When Loretta Young died last August at the age of 87, the Oscar-winning star of more than a hundred movies was eulogized as a beautiful woman with a deep Catholic faith.
In death, as in life, they said she was perfect.
Joan Wester Anderson learned firsthand about Young’s flawed personal life when she moved in with her last year to write her biography. Young told her that as a 17-year-old movie star, she eloped against her mother’s wishes. The marriage would be brief.
The family priest scolded her, asking her to choose between Hollywood or Catholicism. He further told her that the choices she made in her personal life would have a profound impact on the lives of others; words Anderson says Young took to heart.
Judy Lewis, Young’s daughter, agrees. “She made her faith the center of her life,” Lewis says. “She made choices about her life, even her life in Hollywood, based on that faith.”
Hidden Passions Lewis was Young’s biggest secret, something she could not admit publicly for more than half a century.
In the Hollywood of the 1930s, studio press agents invented steamy romances to promote their stars while the actors themselves were held to the rigid moral code of the times. Stars like Young had morals clauses in their contracts.
The combination of her professional contract and personal faith would lead Young to hide her future indiscretions. In 1933, she met Spencer Tracy on a movie set. She was 20, he was 33 and married with children. Anderson says Young fell in love. “Madly so,” she says. “But so naïve that she did not know for at least six months that Spencer was an alcoholic.” Her mother put an end to that romance.
Tyrone Power and Jimmy Stewart were among some of the other Hollywood leading men that were reportedly involved with the actress. Anderson writes that her romance with Power was considered by many to have been manufactured by the studio machine. However, Young’s daughter says her mother’s love for Stewart was real. “She wanted Jimmy to ask her to marry her and he never did,” Lewis says.
Call of the Wild Even at the end of her career, there was one relationship Young was not ready to reveal — even to her handpicked biographer who says the star reached over to turn off the tape recorder when she spoke about Clark Gable.
In 1935, on the set of Call of the Wild, she fell in love with Gable. She told Anderson that although he “pressured her a lot,” she only “slipped” once. From that encounter, Young said she got pregnant. Since Gable was married, she hid the truth and herself from everyone but her family.
Rumors flew about her “mysterious illness” until Young staged the ultimate deception — a sickbed interview with a gossip columnist in her ninth month of pregnancy. She also pulled off a phony ‘adoption’ announcing that as a single mother, she would be raising a little orphan girl named Judy.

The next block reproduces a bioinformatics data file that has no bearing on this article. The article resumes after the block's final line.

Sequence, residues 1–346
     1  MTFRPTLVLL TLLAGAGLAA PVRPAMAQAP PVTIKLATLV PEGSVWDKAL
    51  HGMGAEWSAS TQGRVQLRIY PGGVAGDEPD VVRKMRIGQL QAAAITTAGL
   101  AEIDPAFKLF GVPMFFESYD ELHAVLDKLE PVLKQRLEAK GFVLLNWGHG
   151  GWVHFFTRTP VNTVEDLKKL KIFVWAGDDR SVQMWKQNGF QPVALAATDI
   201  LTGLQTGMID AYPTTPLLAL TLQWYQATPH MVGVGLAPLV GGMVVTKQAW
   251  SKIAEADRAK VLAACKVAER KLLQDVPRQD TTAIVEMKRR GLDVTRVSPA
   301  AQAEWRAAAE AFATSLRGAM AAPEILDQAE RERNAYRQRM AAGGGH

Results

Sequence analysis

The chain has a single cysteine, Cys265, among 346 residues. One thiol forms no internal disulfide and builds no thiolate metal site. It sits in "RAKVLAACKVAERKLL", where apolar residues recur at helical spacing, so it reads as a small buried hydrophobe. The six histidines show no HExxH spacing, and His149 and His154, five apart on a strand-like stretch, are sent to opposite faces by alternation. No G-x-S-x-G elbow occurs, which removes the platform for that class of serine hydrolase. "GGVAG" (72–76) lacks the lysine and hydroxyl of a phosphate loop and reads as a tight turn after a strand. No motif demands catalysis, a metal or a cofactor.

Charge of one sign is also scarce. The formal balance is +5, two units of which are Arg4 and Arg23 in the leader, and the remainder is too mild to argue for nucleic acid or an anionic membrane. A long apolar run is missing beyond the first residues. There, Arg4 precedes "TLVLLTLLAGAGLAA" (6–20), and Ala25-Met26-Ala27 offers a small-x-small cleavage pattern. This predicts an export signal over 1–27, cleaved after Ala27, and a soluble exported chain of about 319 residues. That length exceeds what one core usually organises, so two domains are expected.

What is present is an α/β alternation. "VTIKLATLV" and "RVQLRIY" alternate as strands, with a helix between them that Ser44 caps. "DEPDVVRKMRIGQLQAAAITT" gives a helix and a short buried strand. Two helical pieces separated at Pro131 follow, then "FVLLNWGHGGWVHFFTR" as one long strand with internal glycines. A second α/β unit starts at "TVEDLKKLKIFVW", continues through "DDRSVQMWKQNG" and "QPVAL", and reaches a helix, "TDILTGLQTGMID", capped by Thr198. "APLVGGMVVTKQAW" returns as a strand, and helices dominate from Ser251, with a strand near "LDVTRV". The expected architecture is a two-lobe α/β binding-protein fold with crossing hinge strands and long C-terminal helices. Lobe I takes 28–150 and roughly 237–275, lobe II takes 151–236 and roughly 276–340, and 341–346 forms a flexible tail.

Revealing Truths Lewis says that as a child, her mother always told her she was adopted. As she grew up, she says she heard Hollywood rumors, but it wasn’t until 1966 — after she was married and had her own child — that she confronted her mother.
“I said, I really need to talk to you… she excused herself and went into the bathroom and she got sick to her stomach,” Lewis recalls. “Then she came out, and I said ‘OK, Mama is Clark Gable my father?’ and she said ‘yes, he is.’”
“She made me promise I’d never tell anybody else. Which was very difficult,” she adds.
Later, when Lewis suggested she would write about her life and expose the Gable affair, Young was furious. Lewis says that in the ensuing argument she asked Young if she would ever acknowledge her as her child with Gable — Young said no.
They were estranged for 12 years, from the time Lewis first mentioned writing the book, Uncommon Knowledge, which was published in 1994. Young told her biographer that after much prayer she was finally able to call and invite her daughter to a Christmas dinner. The two reconciled in 1997 but would never again bring up the subject of Clark Gable.
Difficult Choices In 1941, Young married advertising executive Tom Lewis and had a son. Throughout her career, she always put her principles above her paycheck.
To illustrate that, she told Anderson the story about the time she asked studio executives for six months off to have her third child. The response was to “skip [the baby] or turn in” her contract. Young refused to have an abortion and was fired.
Young’s long marriage to Lewis eventually dissolved but she found happiness at 80 when she married a longtime friend, designer Jean Louis.
“I believe [she] was a wholesome person,” says Anderson. “She had fallen like all wholesome people do, [but] she got back on that path and kept on going.”